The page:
Between the lemon curd and the marmalade, I had visions of a Sunday tea with scones and crustless sandwiches and pinky fingers in the air as we sip from our china tea cups.
Adapted from Joy of Baking and my pantry stock...
1 1/3 cups of all purpose flour
1/3 cups spelt
1/3 cup cornmeal
1/3 cup sugar
1 tablespoon baking powder
1/4 teaspoon baking soda
1/4 teaspoon salt
1 stick of butter (1/2 cup)
1/3 cup chopped crystallized ginger
1/4 cup (or about one lemon) chopped candied lemon peel or regular lemon peel with as much pith removed as possible
2/3 cup buttermilk (this was exactly the amount of buttermilk that I got from my butter-making escapade! can't get better than that)
Heat oven to 400 F.
Combine dry ingredients in a large mixing bowl. Cut butter into flour mixture. I do a rough chop of the butter right out of the fridge. Then rinse my hands under very cold water, dry them then work the butter in by hand. You want small pieces of butter (about the size of peas or just smaller) to be scattered throughout the dry ingredients. Mix in chopped crystallized ginger and lemon peel.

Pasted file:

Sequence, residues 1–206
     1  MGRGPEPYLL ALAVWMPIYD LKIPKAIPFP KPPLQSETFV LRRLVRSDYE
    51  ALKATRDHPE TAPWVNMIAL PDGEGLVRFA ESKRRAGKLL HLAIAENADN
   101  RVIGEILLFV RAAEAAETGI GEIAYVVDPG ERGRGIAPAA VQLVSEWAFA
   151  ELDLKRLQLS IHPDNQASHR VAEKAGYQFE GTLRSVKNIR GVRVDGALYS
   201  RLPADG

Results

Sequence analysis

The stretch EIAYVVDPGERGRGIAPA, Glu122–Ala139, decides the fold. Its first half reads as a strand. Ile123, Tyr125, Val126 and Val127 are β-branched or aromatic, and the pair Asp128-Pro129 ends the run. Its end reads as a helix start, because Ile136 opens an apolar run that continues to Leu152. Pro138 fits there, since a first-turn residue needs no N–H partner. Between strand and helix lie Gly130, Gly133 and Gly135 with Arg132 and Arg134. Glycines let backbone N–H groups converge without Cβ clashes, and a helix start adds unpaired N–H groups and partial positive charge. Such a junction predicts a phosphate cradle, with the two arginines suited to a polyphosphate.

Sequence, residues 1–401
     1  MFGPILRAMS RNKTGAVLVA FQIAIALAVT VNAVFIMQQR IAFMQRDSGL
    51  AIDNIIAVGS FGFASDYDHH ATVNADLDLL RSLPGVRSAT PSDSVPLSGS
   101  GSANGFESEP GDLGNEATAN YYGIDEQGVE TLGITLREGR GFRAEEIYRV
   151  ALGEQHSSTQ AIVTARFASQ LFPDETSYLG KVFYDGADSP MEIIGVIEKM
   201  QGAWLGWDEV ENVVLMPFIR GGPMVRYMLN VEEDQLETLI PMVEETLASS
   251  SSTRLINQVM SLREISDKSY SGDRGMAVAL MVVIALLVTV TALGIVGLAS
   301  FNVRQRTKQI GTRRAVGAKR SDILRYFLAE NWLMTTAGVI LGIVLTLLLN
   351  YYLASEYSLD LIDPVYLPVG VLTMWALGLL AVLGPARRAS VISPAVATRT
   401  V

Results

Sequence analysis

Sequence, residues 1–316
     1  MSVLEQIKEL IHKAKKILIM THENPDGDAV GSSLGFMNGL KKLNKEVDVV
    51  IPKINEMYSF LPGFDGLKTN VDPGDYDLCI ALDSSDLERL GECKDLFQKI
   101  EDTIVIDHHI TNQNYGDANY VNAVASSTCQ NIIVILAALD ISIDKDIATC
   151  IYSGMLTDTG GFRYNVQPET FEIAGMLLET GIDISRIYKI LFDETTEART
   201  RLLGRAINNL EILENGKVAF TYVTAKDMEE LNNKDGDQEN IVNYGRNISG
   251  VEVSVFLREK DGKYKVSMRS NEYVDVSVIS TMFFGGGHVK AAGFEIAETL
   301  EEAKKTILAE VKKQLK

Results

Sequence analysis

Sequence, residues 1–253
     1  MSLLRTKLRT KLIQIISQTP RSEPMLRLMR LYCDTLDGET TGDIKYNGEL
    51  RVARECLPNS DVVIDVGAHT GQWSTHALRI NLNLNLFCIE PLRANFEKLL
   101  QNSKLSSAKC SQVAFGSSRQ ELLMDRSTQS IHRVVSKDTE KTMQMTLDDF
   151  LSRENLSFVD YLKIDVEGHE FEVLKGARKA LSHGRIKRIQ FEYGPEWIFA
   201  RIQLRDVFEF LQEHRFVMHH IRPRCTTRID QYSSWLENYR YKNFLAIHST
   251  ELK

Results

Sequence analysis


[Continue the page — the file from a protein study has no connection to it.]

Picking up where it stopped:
To this buttered dry mix, add your 2/3 cup of buttermilk. If you don't have buttermilk, you can always substitute cream in its place. Stir until the dough just comes together. Tip this dough onto a lightly floured work surface and knead very gently and briefly.
It seemed like a particularly dry day here, so I gave the mixture an extra splash of coffee cream (one splash for my cup, one splash for my scones) to help everything come together. You want the dough to clump together but don't overwork the dough trying to get every single scrap of flour to incorporate. I'd rather leave a few tablespoons of flour on the counter than risk making a tough brick of a scone.
Pat the dough into a circle about eight inches in diameter and maybe two inches in height. Cut this circle into wedges, then transfer to a parchment lined baking sheet.
Brush the surfaces of the scones with cream or any leftover buttermilk, then place in the oven for ~20 minutes.
Let cool for as long as you can tolerate... I am an absolute sucker for warm baking (who isn't?!), so my patience expires quite quickly.